Anita Thompson, the widow of late writer and journalist Hunter S. Thompson, is planning to turn the writer’s home in Woody Creek, Colorado, into a museum. The father of “gonzo journalism” lived on Owl Farm, near Aspen, from 1969 until his death.
Thompson, author of classic books such as Fear and Loathing in Las Vegas and The Rum Diary, committed suicide in in 2005. Since then, Anita has left certain rooms in their home completely untouched.
“At first it brought me comfort, and then over the last few years, I’ve kept it this way simply because it is history,” she told the Cannabist. “I want others to experience it,” she added.
Thompson is revered as many as the creator of the “gonzo journalism” genre, which came into being in the 1970s as a fast-paced, first person take on reporting, which was designed to be subjective.
“If you’re going to be crazy, you have to get paid for it or else you’re going to be locked up,” Thompson said in a 2004 interview included in the book, Ancient Gonzo Wisdom: Interviews with Hunter S. Thompson.
The farm has never been open to the public, but opening up Thompson’s home to his admirers seems like a natural progression to Anita, who also runs the Gonzo Foundation.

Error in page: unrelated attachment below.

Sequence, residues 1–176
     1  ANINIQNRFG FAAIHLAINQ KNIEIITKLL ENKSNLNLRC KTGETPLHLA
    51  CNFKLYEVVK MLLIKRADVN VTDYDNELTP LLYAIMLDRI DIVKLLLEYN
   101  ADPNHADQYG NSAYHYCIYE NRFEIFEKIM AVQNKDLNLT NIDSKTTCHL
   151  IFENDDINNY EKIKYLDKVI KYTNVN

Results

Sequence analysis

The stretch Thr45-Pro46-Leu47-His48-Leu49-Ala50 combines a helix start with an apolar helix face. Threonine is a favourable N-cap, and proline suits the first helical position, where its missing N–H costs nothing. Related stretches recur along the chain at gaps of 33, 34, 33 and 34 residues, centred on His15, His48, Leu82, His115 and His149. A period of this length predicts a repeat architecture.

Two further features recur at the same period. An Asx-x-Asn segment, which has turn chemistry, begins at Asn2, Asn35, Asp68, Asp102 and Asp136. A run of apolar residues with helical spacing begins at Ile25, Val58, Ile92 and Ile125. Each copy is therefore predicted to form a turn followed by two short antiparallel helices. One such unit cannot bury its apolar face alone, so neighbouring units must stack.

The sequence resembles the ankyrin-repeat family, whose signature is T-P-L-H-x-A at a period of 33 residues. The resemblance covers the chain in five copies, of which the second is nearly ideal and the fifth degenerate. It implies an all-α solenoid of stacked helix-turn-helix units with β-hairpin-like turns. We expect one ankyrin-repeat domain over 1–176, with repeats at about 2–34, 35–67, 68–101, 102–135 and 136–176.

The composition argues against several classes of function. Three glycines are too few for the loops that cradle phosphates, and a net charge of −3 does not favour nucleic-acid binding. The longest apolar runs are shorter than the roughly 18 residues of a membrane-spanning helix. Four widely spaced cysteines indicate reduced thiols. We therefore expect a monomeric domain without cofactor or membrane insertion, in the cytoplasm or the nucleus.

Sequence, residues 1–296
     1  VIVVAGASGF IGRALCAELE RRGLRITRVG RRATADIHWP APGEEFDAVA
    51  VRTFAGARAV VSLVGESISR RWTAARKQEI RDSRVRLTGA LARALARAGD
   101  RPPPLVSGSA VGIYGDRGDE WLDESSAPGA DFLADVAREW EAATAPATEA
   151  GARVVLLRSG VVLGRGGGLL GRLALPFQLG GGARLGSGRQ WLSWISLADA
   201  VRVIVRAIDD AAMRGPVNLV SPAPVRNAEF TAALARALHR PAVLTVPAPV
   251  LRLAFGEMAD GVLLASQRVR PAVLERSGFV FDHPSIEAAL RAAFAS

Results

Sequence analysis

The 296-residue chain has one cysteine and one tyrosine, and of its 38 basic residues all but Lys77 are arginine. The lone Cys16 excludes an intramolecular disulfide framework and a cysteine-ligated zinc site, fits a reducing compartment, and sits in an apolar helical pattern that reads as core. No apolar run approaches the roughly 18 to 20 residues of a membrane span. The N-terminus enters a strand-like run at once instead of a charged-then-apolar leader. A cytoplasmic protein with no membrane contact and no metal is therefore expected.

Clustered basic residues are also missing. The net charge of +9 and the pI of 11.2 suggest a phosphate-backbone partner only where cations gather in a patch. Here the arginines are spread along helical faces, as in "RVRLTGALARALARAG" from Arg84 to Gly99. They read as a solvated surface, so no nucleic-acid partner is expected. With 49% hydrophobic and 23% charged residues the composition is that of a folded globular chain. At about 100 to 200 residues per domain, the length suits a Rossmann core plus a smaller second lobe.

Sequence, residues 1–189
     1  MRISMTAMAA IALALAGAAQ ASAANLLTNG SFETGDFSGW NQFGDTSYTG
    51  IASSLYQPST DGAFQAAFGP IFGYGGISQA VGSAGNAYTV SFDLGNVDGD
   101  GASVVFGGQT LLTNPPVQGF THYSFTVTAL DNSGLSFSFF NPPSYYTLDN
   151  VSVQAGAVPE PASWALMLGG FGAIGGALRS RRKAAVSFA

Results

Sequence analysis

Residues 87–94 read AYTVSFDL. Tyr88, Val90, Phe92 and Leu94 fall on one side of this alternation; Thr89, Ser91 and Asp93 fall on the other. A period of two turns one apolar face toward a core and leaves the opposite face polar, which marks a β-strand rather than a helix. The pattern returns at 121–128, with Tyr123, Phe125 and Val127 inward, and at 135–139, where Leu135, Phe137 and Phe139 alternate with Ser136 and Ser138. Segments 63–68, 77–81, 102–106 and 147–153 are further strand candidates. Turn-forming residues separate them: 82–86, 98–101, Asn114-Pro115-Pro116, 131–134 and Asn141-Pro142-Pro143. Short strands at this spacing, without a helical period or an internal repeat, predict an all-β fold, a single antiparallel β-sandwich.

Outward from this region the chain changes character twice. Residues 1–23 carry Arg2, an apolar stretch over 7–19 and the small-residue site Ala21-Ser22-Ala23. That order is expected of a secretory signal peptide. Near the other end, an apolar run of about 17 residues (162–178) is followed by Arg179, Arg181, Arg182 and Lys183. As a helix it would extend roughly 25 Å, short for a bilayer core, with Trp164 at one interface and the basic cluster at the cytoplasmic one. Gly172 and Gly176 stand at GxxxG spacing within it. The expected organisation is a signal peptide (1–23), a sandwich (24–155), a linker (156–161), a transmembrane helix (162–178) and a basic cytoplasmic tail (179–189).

“Our work’s focus is to promote political activism, American literature, and journalism through honoring Hunter’s legacy,” she said. “We also have an endowment to a few universities to support young writers and activists who want to change and take control of their environment.”
As Thompson relayed in Ancient Gonzo Wisdom, “I’m a great believer in karma in a profound sense: You will get what’s coming to you.”
Fans of the journalistic legend will have to wait, however, as there’s no specific date for the opening of Owl Farm as a museum.
In the meantime, we’re hoping filmmaker Wes Anderson and Devo frontman Mark Mothersbaugh launch their theme park, complete with animatronic characters and piped-in music (see Wes Anderson Commissions a Surrealist Theme Park).
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